Information Systems Technology Corporation

B-291747: Mar 17, 2003

Contact:

Ralph O. White
(202) 512-8278
WhiteRO@gao.gov

 

Office of Public Affairs
(202) 512-4800
youngc1@gao.gov

Information Systems Technology Corporation (ISTC) protests the exclusion of its proposal from the competitive range under request for proposal (RFP) No. CC-02-05, issued by the National Institutes of Health (NIH) for the operation of a call center in support of patient recruitment for the NIH Clinical Center.

We deny the protest.

B-291747, Information Systems Technology Corporation, March 17, 2003




DOCUMENT FOR PUBLIC RELEASE
The decision issued on the date below was subject to a GAO Protective Order. This redacted version has been approved for public release.

Decision

Matter of: Information Systems Technology Corporation

File: B-291747

Date: March 17, 2003

Eugene Chun for the protester.
Mike Colvin, Department of Health and Human Services, for the agency.
Linda C. Glass, Esq., and Michael R. Golden, Esq., Office of the General Counsel, GAO, participated in the preparation of the decision.

DIGEST

Agency's exclusion of protester's proposal from competitive range is unobjectionable where the proposal was reasonably determined to have no reasonable chance of being selected for award.
DECISION

Information Systems Technology Corporation (ISTC) protests the exclusion of its proposal from the competitive range under request for proposal (RFP) No. CC-02-05, issued by the National Institutes of Health (NIH) for the operation of a call center in support of patient recruitment for the NIH Clinical Center.

We deny the protest.

The RFP, issued on July 2, 2002, contemplates the award of a fixed-price contract for a base year with up to four 1-year option periods. The awardee will be required to provide bilingual and timely responses to individuals requesting (by telephone or e'mail) health-related information, in particular, information about clinical studies being conducted at the NIH Clinical Center. The RFP lists the following three technical evaluation factors, with the maximum possible number of points for each factor shown in parentheses: understanding the requirement and technical approach (40), qualifications and availability of proposed personnel (20), and proposed facilities and equipment (15). The RFP states that points will be awarded for price based on a formula in which the maximum of 25 points will be assigned to the lowest-price proposal, with fewer points assigned to higher-priced proposals based on the ratio between their price and the low price. RFP at 63. The RFP states that technical factors combined are significantly more important than price. The RFP further provides that the evaluation of past performance is to be conducted subsequent to the technical evaluation and is not to be conducted on any offeror whose proposal would not be selected for award based on the results of the evaluation of factors other than past performance. Award is to be made on the basis of the proposal determined to represent the best value to the government.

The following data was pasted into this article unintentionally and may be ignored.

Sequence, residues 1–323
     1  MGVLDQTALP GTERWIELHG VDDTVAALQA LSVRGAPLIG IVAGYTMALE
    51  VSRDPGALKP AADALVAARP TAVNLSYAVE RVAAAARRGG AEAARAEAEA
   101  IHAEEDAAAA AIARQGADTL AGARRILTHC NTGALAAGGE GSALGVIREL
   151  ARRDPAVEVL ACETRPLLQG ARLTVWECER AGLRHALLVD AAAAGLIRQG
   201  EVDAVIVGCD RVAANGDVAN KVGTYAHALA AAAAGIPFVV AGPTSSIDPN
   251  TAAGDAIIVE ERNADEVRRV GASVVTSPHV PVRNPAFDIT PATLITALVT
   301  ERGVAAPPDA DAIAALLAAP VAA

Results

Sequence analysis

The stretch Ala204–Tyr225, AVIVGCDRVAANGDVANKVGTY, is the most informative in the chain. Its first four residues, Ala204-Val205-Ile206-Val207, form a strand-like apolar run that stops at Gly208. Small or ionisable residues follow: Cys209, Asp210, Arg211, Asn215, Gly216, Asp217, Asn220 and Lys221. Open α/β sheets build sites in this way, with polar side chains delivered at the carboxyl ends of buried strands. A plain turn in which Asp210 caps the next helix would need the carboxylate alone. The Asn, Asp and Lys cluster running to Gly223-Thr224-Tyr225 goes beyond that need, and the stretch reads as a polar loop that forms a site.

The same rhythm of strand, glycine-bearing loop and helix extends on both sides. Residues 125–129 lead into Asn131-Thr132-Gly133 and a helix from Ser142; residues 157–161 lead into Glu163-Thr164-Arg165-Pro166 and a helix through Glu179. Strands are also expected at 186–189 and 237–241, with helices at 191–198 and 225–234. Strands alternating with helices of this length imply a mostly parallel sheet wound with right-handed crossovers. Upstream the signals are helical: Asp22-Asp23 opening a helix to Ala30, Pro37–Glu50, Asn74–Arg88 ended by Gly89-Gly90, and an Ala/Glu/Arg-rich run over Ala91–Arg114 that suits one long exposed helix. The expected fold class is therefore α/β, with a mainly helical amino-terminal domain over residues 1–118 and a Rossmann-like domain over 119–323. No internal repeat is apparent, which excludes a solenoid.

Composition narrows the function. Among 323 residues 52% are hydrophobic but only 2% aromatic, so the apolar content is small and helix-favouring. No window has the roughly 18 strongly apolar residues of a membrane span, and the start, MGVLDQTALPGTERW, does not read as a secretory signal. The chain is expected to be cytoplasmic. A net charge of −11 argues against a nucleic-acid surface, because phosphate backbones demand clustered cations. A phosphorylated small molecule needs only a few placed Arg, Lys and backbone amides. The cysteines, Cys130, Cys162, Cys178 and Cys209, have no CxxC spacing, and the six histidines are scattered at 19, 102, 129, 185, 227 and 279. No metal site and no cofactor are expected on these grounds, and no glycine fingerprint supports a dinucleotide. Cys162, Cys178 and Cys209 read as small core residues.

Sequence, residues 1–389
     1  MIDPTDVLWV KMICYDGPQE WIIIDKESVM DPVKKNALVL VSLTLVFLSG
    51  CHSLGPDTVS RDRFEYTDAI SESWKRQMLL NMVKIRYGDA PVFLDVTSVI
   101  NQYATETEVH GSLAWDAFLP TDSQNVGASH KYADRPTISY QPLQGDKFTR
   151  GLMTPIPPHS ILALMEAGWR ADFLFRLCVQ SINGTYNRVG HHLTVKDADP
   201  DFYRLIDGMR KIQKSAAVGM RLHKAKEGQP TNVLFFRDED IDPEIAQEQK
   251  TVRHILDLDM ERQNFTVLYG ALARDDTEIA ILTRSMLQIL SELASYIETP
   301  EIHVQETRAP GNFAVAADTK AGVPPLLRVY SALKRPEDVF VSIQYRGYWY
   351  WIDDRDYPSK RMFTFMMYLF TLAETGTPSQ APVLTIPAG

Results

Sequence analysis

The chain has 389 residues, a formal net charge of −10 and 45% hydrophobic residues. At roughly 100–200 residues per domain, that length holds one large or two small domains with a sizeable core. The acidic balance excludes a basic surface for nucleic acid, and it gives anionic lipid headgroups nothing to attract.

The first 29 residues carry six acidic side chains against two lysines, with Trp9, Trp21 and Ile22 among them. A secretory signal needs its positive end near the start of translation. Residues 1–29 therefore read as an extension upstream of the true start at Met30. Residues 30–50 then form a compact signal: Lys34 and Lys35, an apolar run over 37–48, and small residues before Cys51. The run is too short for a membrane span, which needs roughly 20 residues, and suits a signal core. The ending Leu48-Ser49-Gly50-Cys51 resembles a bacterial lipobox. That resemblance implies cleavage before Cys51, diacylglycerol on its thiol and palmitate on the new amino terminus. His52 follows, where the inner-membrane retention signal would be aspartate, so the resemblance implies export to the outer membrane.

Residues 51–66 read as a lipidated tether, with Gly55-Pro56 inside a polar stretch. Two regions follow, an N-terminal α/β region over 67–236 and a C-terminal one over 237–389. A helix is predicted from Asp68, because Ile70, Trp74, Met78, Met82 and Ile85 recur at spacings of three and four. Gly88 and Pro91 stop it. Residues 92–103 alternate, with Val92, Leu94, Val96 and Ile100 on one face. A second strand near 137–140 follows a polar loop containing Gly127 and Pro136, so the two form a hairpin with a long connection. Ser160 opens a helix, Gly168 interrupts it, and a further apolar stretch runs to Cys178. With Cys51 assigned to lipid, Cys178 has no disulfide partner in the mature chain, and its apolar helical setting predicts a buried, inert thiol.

An NIH technical evaluation team (TET) evaluated the proposals received from
13 firms. As a result of the technical evaluation, only 3 proposals were considered technically acceptable; the other 10 were rejected as technically unacceptable. The following proposals were found technically acceptable with the following average technical scores out of a possible total of 75: Alliance--67.25; Offeror A--47.50; and ISTC--47.12.

The business proposals of the three technically acceptable offerors were then evaluated. As required in the RFP, all offerors proposed two prices, one for each of two options for call center hours of operation.